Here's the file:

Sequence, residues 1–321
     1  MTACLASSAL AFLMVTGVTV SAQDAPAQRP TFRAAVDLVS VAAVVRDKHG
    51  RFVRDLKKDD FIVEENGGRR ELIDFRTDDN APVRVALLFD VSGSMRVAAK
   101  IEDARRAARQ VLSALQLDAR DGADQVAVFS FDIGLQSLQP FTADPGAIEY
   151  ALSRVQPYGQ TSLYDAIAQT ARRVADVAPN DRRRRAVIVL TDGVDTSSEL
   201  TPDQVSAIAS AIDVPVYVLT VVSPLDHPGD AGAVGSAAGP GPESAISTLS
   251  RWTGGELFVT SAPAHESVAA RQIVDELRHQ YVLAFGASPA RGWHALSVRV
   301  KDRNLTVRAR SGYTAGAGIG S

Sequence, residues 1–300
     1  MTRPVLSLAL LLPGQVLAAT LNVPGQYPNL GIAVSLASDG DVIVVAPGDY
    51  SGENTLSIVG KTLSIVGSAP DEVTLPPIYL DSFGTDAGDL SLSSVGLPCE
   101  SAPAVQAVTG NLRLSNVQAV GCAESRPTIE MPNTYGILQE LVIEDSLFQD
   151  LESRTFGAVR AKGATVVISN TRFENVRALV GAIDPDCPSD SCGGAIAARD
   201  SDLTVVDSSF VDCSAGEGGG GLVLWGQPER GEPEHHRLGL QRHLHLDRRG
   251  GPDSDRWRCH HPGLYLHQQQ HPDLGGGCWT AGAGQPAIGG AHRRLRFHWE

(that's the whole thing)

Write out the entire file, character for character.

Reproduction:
Sequence, residues 1–321
     1  MTACLASSAL AFLMVTGVTV SAQDAPAQRP TFRAAVDLVS VAAVVRDKHG
    51  RFVRDLKKDD FIVEENGGRR ELIDFRTDDN APVRVALLFD VSGSMRVAAK
   101  IEDARRAARQ VLSALQLDAR DGADQVAVFS FDIGLQSLQP FTADPGAIEY
   151  ALSRVQPYGQ TSLYDAIAQT ARRVADVAPN DRRRRAVIVL TDGVDTSSEL
   201  TPDQVSAIAS AIDVPVYVLT VVSPLDHPGD AGAVGSAAGP GPESAISTLS
   251  RWTGGELFVT SAPAHESVAA RQIVDELRHQ YVLAFGASPA RGWHALSVRV
   301  KDRNLTVRAR SGYTAGAGIG S

Sequence, residues 1–300
     1  MTRPVLSLAL LLPGQVLAAT LNVPGQYPNL GIAVSLASDG DVIVVAPGDY
    51  SGENTLSIVG KTLSIVGSAP DEVTLPPIYL DSFGTDAGDL SLSSVGLPCE
   101  SAPAVQAVTG NLRLSNVQAV GCAESRPTIE MPNTYGILQE LVIEDSLFQD
   151  LESRTFGAVR AKGATVVISN TRFENVRALV GAIDPDCPSD SCGGAIAARD
   201  SDLTVVDSSF VDCSAGEGGG GLVLWGQPER GEPEHHRLGL QRHLHLDRRG
   251  GPDSDRWRCH HPGLYLHQQQ HPDLGGGCWT AGAGQPAIGG AHRRLRFHWE